It is thus very opportune that the United States is the partner country for the next edition of the India-U.S. Technology Summit that CII is organizing during November 18–19, 2014, in New Delhi, in collaboration with India’s Department of Science and Technology. The summit will provide an opportunity for collaborative dialogue and concrete engagement between government and industry.
In addition to parliamentary elections, India also recently held elections in a number of key states. How might there be fresh opportunity to engage at the state and local levels to foster economic growth and development?
Today, the real action in India is at the state level. Many Indian states have been growing at a rapid pace, with states like Tamil Nadu, Maharashtra, Madhya Pradesh, and Gujarat leading the way. At the same time, states with low levels of development such as Orissa, Jharkhand, and Bihar have also been registering high levels of growth, which is a heartening development. At the end of the day, sound policies and good governance drive growth.
States that have created a reasonable and predictable business climate are seeing an inflow of investment from both domestic and foreign firms. There is also increasing competition among states for investment, which is another positive development. For instance, progressive states are now hosting their own international investment summits: Kerala held its inaugural summit “Emerging Kerala” in 2012, and Madhya Pradesh organizes a biennial “Global Investors Summit” in Indore. CII partnered with a number of states in northern India that joined hands in promoting the “Invest North” conclave to showcase their advantages and opportunities.
Companies in India recognize these opportunities and have been engaging with state governments on a systematic basis. CII today has 64 offices across India, and we work with the state as well as central governments at every level to promote policies that can enable industry to invest and create jobs. Most states in India already recognize that growth is impossible without the active participation of industry; sustaining this dialogue and engagement is thus very critical for CII.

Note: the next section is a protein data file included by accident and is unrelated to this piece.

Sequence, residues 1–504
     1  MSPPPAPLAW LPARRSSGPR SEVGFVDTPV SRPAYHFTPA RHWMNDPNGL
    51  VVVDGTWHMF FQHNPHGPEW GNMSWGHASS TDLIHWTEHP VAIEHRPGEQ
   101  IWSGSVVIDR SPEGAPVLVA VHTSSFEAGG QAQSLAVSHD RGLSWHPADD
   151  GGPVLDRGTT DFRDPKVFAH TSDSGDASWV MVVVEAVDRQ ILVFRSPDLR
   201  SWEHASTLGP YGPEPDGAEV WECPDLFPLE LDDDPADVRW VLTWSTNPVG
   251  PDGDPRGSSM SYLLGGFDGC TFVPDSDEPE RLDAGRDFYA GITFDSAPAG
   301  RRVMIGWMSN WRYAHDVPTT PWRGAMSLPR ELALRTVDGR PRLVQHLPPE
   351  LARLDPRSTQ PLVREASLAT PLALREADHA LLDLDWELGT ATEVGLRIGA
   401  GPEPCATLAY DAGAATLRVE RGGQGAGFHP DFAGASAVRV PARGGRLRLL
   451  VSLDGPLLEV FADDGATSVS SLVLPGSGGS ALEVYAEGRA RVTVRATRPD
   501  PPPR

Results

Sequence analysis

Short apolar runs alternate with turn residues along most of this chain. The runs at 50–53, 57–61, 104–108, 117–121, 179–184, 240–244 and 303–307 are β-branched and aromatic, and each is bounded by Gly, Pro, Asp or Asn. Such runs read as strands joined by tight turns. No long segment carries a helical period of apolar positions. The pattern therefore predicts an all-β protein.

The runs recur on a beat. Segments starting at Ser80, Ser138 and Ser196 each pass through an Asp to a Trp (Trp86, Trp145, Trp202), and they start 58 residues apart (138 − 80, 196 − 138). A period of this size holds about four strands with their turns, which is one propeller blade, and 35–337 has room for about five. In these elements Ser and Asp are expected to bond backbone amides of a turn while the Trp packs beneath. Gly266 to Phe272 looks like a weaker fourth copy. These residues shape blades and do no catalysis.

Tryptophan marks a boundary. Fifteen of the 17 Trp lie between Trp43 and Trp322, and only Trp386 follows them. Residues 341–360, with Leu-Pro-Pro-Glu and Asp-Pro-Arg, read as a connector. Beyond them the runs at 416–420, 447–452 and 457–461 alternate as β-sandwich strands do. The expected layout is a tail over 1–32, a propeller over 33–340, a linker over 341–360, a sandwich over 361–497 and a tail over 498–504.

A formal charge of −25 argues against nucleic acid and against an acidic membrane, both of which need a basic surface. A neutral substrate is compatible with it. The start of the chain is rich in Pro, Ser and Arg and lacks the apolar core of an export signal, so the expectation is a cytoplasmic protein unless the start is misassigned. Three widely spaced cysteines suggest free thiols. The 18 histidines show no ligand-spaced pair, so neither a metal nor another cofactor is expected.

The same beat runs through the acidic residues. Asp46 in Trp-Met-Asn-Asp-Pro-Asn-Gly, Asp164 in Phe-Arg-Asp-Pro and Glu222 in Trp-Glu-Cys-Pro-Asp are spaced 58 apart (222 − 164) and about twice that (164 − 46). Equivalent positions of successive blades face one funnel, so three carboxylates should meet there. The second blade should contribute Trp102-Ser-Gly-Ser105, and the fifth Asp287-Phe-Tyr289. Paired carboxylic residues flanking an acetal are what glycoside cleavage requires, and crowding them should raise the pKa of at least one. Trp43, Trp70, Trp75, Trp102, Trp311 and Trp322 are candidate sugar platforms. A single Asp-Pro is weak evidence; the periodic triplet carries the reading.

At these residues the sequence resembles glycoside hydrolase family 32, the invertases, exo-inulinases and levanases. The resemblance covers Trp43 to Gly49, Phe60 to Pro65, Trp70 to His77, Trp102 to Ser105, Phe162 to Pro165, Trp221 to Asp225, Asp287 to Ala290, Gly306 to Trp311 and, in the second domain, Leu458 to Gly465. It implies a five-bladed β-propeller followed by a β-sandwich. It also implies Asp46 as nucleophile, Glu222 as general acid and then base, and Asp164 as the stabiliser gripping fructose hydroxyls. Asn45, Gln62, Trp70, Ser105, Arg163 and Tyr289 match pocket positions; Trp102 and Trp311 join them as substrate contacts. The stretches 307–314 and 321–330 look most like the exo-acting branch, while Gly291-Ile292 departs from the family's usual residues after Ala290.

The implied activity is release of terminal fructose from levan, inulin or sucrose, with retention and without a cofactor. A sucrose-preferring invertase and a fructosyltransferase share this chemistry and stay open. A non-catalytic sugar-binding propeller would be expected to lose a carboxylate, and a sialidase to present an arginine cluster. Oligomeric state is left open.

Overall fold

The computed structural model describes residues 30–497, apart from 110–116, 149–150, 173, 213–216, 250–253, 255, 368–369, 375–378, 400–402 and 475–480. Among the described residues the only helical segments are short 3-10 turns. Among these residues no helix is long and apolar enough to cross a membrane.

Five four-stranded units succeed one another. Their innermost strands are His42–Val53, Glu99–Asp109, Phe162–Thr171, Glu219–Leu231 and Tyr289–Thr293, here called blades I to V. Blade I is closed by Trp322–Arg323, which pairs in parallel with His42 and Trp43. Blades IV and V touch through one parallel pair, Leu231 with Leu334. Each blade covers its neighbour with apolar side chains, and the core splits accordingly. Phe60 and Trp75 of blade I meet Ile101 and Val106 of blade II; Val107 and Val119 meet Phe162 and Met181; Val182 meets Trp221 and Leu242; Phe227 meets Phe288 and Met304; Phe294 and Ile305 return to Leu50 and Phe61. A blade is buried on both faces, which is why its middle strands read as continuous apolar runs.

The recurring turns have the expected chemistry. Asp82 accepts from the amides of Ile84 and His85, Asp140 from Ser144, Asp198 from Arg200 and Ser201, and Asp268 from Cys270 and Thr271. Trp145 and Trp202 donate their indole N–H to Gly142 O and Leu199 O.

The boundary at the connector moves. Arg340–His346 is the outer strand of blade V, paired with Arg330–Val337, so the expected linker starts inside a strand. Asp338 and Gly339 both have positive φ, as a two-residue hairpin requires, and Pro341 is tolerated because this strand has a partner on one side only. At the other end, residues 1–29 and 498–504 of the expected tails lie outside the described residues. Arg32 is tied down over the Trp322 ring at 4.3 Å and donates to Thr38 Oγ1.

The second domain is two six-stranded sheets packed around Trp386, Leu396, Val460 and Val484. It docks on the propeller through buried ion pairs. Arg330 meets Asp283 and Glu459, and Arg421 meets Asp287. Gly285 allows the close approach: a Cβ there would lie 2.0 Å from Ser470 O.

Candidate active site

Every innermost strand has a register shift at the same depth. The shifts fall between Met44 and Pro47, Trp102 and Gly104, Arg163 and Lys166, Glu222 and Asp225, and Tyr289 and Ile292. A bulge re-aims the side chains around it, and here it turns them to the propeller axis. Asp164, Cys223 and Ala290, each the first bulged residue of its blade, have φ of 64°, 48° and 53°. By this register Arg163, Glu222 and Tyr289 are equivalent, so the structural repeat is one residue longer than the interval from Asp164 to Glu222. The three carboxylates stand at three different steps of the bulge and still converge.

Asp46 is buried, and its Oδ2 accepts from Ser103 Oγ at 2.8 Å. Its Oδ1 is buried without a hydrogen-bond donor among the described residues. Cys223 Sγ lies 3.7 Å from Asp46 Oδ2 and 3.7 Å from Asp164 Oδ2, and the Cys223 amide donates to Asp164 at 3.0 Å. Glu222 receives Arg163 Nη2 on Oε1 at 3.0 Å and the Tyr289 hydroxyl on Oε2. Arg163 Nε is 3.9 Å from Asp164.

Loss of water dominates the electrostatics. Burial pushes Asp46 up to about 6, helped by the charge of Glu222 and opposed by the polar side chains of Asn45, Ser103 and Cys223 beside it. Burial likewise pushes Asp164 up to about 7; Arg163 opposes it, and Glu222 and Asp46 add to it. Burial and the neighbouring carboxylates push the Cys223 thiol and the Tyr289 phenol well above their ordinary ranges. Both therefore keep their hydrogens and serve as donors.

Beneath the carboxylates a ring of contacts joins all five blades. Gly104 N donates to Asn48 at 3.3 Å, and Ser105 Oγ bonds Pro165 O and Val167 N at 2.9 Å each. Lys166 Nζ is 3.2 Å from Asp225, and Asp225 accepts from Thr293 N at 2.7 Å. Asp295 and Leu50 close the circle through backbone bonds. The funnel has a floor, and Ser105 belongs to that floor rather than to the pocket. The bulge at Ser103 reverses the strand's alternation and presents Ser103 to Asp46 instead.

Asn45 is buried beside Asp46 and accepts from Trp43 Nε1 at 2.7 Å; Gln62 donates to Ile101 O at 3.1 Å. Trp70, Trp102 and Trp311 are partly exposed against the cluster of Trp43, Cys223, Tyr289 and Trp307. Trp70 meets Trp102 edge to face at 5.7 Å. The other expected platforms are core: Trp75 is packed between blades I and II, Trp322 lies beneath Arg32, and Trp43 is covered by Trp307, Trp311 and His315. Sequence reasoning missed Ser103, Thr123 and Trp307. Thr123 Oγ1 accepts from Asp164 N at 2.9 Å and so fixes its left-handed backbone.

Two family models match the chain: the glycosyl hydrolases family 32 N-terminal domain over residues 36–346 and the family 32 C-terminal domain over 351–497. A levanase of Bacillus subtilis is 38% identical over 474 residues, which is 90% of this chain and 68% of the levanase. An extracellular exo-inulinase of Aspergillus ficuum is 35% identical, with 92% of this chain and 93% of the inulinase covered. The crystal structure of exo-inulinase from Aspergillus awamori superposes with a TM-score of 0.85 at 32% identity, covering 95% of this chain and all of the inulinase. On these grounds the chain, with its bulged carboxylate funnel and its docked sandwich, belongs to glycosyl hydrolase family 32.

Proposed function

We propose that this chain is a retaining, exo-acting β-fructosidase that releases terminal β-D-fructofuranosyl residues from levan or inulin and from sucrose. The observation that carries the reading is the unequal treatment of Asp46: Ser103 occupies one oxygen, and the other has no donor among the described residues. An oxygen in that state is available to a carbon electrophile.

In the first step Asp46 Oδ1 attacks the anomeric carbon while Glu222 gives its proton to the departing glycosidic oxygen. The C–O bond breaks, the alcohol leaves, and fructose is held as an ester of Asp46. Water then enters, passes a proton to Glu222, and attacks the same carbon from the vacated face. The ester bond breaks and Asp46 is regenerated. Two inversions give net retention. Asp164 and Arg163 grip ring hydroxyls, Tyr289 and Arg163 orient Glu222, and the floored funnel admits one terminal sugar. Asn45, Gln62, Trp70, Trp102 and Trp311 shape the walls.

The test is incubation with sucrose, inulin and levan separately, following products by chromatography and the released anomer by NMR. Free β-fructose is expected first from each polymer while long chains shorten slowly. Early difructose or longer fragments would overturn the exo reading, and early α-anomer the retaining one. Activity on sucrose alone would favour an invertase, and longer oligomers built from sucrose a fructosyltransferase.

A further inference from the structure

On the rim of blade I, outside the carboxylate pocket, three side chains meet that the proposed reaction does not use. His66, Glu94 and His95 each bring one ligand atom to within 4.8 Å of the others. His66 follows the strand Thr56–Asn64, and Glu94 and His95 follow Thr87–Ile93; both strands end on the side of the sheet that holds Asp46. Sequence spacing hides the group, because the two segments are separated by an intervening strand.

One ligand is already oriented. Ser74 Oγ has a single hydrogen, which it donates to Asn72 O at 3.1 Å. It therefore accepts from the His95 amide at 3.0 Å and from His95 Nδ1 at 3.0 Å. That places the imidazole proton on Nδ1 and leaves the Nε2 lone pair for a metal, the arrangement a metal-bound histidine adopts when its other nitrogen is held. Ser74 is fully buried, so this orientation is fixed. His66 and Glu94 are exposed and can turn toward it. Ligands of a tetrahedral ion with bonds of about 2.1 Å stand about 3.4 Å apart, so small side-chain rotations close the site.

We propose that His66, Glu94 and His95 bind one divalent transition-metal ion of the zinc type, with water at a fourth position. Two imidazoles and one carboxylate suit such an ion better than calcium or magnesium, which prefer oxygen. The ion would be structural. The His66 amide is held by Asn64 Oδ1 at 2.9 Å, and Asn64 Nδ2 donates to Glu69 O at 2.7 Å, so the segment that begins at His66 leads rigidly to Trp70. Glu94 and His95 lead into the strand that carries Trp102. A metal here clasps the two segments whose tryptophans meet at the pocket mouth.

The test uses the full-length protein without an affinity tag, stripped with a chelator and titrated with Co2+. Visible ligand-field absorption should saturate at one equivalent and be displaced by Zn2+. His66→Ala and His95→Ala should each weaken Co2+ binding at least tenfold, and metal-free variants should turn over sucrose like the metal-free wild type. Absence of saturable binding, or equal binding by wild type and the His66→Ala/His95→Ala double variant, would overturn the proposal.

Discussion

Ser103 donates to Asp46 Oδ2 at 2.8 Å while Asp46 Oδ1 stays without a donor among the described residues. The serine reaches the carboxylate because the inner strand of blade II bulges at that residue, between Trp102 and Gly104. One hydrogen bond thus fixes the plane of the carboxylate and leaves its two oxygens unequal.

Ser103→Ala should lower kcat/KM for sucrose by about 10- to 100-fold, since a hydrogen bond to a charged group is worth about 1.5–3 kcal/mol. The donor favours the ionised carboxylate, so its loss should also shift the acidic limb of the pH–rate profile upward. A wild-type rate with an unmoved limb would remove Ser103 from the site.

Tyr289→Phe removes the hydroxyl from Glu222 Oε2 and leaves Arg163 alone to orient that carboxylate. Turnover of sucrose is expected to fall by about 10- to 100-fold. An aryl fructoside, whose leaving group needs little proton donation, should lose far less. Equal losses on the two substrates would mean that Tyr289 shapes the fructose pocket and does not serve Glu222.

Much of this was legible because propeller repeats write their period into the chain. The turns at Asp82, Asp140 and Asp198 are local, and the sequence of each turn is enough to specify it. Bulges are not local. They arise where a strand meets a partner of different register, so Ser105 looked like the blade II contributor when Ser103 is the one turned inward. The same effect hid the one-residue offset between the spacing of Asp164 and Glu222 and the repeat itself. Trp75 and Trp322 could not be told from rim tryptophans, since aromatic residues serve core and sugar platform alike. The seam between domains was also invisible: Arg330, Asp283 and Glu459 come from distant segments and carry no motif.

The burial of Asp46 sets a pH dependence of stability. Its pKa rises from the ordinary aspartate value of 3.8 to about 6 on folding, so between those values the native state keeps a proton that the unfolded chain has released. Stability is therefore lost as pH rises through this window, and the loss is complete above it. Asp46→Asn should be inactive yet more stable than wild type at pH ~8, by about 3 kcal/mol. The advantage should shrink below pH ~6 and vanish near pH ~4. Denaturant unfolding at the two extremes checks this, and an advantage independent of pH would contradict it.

Do you have anything else to add?
Even while it may seem clichéd, the U.S.-India partnership is indeed a defining, indispensable, and important partnership for the 21st century. We are optimistic about rebuilding the recently strained relationship and refocusing on prospects for future collaboration. Greater engagement in technology, energy, and education holds tremendous promise for business and industry. For instance, technology transfer agreements and coproduction agreements in defense could spell the next frontier of cooperation at the corporate level or in public-private partnerships. With India focused on modernizing its defense infrastructure, this is by no means a small opportunity. In energy, U.S. exports of shale gas could help India fulfill its energy requirements, where energy security and access remain critical issues. Industry involvement in curriculum development and building educational partnerships can be potent in strengthening the global talent pool and bridging the gap between education and employability.
It is also important to note that Indian industry is increasing its investments and creating thousands of jobs in the United States. They are setting up manufacturing facilities in the United States, as Welspun Tubular has done in Little Rock, Arkansas; investing in R&D, as Dr. Reddy’s Laboratories do in Shreveport, Louisiana; and providing IT training programs for veterans and people with disabilities, as Wipro does in Atlanta, Georgia—thereby adding value to the U.S. economy in myriad ways. The economic relationship is thus increasingly becoming a mutually beneficial, two-way street.
This interview was conducted by Sonia Luthra, Assistant Director for Outreach, and Clara Gillispie, Assistant Director of Trade, Economic, and Energy Affairs.